Will Articles of Impeachment help Democrats in the 2020 election?

What happens next, now that the Democrats unveiled two articles of impeachment against Trump?

Well, the Democrats vote almost unanimously, in all likelihood, to impeach Trump with no Republicans on board. And then he's acquitted by the Senate. Probably do get higher turnout from the Dems in 2020 because they're so angry about Trump with the failed impeachment.


Having said that, if you look at swing states, which is what matters, impeachment is considerably less popular than those national numbers that the cable news stations keep putting out there. So, on balance, I'm not sure impeachment is helping the Dems one bit. But from a process perspective, it does actually matter.

Will there be political consequences to the Russian sports ban?

Well, yeah, I mean, you know, four years of can't compete in any sports. And you know, panem et circenses, bread and circuses. You really want to be able to give the people things to cheer for. You're talking about no Olympics as a Russian, for the Russian flag. No World Cup for the Russians who hosted it last time around. On balance, this hurts Putin, whose approval has been deteriorating over the course of the last year. That will continue to have happen.

Finally, will US-Saudi relations change in the aftermath of the Florida naval base shooting?

Answer is no.

As Europe inches past the peak of COVID-19 deaths and the US slowly approaches it, many poorer countries are now staring into an abyss. As bad as the coronavirus crisis is likely to be in the world's wealthiest nations, the public health and economic blow to less affluent ones, often referred to as "developing countries," could be drastically worse. Here's why:

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25: A divorce lawyer in Shanghai told Bloomberg News that his business has surged 25% since the city began easing its lockdown in mid-March, as being cooped up on lockdown evidently exposed irreconcilable differences in people's marriages.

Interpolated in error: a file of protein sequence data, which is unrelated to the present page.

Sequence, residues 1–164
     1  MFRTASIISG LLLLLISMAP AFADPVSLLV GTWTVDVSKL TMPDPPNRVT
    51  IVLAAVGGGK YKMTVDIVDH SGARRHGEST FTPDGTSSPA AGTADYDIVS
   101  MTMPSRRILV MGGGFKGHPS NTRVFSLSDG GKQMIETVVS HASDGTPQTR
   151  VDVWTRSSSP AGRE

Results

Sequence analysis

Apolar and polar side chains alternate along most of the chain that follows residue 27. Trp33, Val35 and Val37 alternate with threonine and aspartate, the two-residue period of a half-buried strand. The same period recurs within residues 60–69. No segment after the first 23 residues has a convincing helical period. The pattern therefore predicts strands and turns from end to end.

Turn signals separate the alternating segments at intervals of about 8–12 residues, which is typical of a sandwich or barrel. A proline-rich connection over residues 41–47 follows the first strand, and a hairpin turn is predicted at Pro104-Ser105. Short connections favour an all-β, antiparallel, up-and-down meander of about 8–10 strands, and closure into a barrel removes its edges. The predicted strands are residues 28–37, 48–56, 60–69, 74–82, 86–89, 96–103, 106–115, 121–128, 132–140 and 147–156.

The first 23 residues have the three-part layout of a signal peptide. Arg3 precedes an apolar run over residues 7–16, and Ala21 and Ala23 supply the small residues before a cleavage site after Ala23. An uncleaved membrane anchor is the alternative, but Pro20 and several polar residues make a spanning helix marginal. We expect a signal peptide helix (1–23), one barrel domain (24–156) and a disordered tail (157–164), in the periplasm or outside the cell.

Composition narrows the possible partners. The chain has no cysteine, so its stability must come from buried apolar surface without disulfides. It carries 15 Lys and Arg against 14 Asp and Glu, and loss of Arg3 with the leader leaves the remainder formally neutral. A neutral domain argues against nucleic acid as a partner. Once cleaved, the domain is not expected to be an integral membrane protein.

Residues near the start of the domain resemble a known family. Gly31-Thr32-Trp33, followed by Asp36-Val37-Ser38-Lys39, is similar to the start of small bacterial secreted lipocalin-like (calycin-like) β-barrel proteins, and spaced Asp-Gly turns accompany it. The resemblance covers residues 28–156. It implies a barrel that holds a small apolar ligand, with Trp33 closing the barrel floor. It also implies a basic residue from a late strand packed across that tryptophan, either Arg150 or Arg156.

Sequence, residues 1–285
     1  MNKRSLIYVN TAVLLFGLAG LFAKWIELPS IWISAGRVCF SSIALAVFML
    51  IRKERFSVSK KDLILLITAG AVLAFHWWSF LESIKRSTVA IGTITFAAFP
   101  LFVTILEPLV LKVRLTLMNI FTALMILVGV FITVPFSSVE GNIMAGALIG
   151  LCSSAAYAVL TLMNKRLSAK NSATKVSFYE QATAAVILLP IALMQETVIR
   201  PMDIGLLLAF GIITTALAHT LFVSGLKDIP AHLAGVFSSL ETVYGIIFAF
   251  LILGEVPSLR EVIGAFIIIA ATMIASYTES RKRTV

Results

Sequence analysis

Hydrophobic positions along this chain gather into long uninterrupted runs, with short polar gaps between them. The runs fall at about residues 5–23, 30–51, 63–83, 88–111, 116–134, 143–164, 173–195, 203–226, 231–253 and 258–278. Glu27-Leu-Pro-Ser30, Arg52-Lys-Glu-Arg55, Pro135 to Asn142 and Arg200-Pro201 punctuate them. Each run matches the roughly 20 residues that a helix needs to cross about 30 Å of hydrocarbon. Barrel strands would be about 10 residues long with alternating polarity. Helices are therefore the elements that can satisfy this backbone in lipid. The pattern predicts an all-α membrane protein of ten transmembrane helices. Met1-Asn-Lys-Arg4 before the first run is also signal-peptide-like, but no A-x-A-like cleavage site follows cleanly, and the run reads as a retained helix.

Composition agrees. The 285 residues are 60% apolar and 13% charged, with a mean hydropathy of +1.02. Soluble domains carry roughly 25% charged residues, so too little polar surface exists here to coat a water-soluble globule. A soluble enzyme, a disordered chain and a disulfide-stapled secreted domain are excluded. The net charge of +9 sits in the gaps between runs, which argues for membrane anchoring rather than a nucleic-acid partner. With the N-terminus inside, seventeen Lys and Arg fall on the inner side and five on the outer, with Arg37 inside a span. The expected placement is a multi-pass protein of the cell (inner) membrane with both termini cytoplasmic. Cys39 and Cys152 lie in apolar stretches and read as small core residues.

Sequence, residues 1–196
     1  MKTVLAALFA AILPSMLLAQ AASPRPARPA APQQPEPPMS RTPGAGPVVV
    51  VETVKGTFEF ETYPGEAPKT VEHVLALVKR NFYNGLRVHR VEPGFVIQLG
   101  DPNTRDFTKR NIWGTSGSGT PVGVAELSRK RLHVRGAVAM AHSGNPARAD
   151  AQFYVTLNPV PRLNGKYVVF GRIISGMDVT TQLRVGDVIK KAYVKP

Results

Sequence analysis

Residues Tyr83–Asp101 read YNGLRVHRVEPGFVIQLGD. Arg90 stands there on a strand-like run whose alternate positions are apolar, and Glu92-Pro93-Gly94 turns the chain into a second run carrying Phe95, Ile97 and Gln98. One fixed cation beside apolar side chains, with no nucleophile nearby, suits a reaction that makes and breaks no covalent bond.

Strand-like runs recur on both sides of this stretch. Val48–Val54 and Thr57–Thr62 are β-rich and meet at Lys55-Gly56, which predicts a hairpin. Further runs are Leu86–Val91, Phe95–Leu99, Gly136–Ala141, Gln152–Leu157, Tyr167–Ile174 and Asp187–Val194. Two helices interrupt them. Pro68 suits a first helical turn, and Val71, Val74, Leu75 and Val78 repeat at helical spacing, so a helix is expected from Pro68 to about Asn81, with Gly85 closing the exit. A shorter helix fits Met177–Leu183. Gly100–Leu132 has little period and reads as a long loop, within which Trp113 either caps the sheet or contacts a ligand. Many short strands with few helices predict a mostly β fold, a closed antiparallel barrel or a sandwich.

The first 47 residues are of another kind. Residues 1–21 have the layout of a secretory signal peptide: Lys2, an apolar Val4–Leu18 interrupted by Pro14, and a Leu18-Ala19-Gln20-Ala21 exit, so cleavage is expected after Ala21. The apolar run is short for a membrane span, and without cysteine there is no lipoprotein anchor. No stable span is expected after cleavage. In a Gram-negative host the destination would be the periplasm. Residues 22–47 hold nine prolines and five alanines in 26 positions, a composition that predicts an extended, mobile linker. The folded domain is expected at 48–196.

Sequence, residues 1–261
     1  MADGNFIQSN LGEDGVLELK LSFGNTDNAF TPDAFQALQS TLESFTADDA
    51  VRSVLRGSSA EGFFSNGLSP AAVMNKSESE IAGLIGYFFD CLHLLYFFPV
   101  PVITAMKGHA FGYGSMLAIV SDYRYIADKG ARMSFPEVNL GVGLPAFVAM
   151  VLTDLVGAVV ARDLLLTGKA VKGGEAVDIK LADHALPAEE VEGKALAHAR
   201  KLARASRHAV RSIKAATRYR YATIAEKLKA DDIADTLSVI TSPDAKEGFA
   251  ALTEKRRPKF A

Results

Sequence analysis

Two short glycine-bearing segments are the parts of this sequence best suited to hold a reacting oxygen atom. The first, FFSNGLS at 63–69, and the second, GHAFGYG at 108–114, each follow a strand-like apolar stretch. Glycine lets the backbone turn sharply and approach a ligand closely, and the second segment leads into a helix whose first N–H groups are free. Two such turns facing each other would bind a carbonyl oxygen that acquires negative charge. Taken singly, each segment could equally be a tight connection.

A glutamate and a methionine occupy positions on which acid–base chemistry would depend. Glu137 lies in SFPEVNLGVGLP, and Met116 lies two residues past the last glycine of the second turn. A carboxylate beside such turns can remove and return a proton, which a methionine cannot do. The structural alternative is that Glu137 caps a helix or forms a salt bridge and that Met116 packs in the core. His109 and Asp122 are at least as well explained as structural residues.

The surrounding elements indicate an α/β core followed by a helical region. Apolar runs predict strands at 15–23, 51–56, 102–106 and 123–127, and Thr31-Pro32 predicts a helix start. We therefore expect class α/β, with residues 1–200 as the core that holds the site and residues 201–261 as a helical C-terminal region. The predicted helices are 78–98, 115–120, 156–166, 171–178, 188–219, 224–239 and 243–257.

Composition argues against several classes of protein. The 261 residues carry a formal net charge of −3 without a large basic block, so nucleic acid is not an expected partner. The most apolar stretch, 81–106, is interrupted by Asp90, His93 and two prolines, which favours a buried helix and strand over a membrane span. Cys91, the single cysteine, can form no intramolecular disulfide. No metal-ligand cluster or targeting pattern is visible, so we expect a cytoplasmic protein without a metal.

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Japan mulls state of emergency: Japan's prime minister Shinzo Abe is poised to declare a "state of emergency" because of the coronavirus pandemic, giving local governments the authority to order people to stay in their homes and shutter businesses and schools. Japan has so far managed the crisis without the kinds of sweeping lockdowns seen elsewhere, but a surge of new cases in recent days – particularly in Tokyo – has put pressure on the government to do more. Japan has one of the world's oldest populations – a third of its people are older than 65, the demographic most vulnerable to COVID-19. The emergency decision comes at a tough time. Japan's economy has been hurting for several months now, as China's massive lockdowns in January and February cratered demand for Japanese exports. In order to deal with the fallout that comes with putting his economy on life-support, PM Abe said the government would push through a $1 trillion stimulus package.

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As reports swirl from sources in the U.S. Intelligence Community that China vastly underreported the number of COVID-19 cases and related deaths, China's top diplomat in the U.S., Ambassador Cui Tiankai, joined Ian Bremmer for an exclusive conversation in which he responds to the claim.

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